# Illustrative Mathematics Grade 8, Unit 5, Lesson 12: How Much Will Fit?

Learning Targets:

• I know that volume is the amount of space contained inside a three-dimensional figure.
• I recognize the 3D shapes cylinder, cone, rectangular prism, and sphere.

Related Pages
Illustrative Math

#### Lesson 12: How Much Will Fit?

Let’s reason about the volume of different shapes.

Illustrative Math Unit 8.5, Lesson 12 (printable worksheets)

#### Lesson 12 Summary

The volume of a three-dimensional figure, like a jar or a room, is the amount of space the shape encloses. We can measure volume by finding the number of equal-sized volume units that fill the figure without gaps or overlaps. For example, we might say that a room has a volume of 1,000 cubic feet, or that a pitcher can carry 5 gallons of water. We could even measure volume of a jar by the number of beans it could hold, though a bean count is not really a measure of the volume in the same way that a cubic centimeter is because there is space between the beans. (The number of beans that fit in the jar do depend on the volume of the jar, so it is an okay estimate when judging the relative sizes of containers.)

In earlier grades, we studied three-dimensional figures with flat faces that are polygons. We learned how to calculate the volumes of rectangular prisms. Now we will study three-dimensional figures with circular faces and curved surfaces: cones, cylinders, and spheres.

To help us see the shapes better, we can use dotted lines to represent parts that we wouldn’t be able to see if a solid physical object were in front of us. For example, if we think of the cylinder in this picture as representing a tin can, the dotted arc in the bottom half of that cylinder represents the back half of the circular base of the can. What objects could the other figures in the picture represent?

#### Lesson 12.1 Two Containers

Your teacher will show you some containers. The small container holds 200 beans. Estimate how many beans the large jar holds.

#### Lesson 12.2 What’s Your Estimate?

Your teacher will show you some containers.

1. If the pasta box holds 8 cups of rice, how much rice would you need for the other rectangular prisms?
2. If the pumpkin can holds 15 fluid ounces of rice, how much do the other cylinders hold?
3. If the small cone holds 2 fluid ounces of rice, how much does the large cone hold?
4. If the golf ball were hollow, it would hold about 0.2 cups of water. If the baseball were hollow, how much would the sphere hold?

#### Lesson 12.3 Do You Know These Figures?

1. What shapes are the faces of each type of object shown here? For example, all six faces of a cube are squares.
2. Which faces could be referred to as a “base” of the object?
3. Here is a method for quickly sketching a cylinder:
• Draw two ovals.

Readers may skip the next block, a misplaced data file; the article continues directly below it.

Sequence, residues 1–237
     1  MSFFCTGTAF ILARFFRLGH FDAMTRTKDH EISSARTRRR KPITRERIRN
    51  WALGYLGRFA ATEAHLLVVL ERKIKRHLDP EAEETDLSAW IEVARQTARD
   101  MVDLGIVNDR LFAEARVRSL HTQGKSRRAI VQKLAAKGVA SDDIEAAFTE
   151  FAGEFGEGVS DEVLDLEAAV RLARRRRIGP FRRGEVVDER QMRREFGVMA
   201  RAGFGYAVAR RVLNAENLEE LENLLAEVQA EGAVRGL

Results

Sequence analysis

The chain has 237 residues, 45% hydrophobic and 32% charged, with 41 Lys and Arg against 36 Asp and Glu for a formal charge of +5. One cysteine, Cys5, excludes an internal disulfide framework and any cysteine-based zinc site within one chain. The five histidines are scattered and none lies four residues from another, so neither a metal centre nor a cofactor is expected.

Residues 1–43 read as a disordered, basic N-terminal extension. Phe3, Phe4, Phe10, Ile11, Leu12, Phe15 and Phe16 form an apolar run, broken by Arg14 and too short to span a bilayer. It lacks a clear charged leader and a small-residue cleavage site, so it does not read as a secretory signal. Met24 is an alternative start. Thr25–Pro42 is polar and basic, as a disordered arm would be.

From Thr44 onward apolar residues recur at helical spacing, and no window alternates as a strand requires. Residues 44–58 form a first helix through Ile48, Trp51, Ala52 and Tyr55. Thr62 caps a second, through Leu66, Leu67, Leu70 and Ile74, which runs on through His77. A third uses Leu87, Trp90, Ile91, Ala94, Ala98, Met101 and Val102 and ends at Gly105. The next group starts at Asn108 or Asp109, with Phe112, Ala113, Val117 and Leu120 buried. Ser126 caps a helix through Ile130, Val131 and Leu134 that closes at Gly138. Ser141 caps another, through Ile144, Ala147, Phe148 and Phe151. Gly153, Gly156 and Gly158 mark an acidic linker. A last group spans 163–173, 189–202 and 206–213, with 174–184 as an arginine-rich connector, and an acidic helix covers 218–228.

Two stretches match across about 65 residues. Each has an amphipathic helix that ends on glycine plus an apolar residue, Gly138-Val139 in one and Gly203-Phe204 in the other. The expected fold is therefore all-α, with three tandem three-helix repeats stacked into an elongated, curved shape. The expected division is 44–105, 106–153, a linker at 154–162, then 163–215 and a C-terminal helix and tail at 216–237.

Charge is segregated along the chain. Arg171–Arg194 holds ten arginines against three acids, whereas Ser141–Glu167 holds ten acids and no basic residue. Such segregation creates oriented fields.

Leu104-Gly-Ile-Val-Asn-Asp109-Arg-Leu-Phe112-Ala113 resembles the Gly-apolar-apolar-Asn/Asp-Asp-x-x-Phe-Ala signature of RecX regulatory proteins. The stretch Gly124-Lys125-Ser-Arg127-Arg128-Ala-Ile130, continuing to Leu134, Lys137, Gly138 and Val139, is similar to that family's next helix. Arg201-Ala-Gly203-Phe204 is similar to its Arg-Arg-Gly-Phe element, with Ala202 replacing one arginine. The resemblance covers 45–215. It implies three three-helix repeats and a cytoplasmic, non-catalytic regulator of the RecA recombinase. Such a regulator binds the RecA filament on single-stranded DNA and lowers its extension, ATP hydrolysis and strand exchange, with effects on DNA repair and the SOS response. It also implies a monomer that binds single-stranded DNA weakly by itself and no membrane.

• Connect the edges.
• Which parts of your drawing would be hidden behind the cylinder? Make these parts dashed lines.
1. Practice sketching some cylinders. Sketch a few different sizes, including short, tall, narrow, wide, and sideways. Label the radius r and height h on each cylinder.

#### Are you ready for more?

A soccer ball is a polyhedron with 12 black pentagonal faces and 20 white hexagonal faces. How many edges in total are on this polyhedron?

Number of edges = (12 · 5 + 20 · 6) ÷ 2 = 90

#### Lesson 12 Practice Problems

1. a. Sketch a cube and label its side length as 4 cm (this will be Cube A).
b. Sketch a cube with sides that are twice as long as Cube A and label its side length (this will be Cube B).
c. Find the volumes of Cube A and Cube B.
2. Several glass aquariums of various sizes are for sale at a pet shop. They are all shaped like rectangular prisms. A 15-gallon tank is 24 inches long, 12 inches wide, and 12 inches tall. Match the dimensions of the other tanks with the volume of water they can each hold.
3. Two paper drink cups are shaped like cones. The small cone can hold 6 oz of water. The large cone is 4/3 the height and 4/3 the diameter of the small cone. Which of these could be the amount of water the large cone holds?
4. The graph represents the volume of a cylinder with a height equal to its radius.
a. When the diameter is 2, what is the radius of the cylinder?
b. Express the volume of a cube of side length s as an equation.
c. Make a table for volume of the cube at s = 0, s = 1, s = 2, and s = 3.
d. Which volume is greater: the volume of the cube when s = 3, or the volume of the cylinder when its diameter is 3?
5. Select all the points that are on a line with slope 2 that also contains the point (2, -1).
6. Solve:

The Open Up Resources math curriculum is free to download from the Open Up Resources website and is also available from Illustrative Mathematics.

Try the free Mathway calculator and problem solver below to practice various math topics. Try the given examples, or type in your own problem and check your answer with the step-by-step explanations.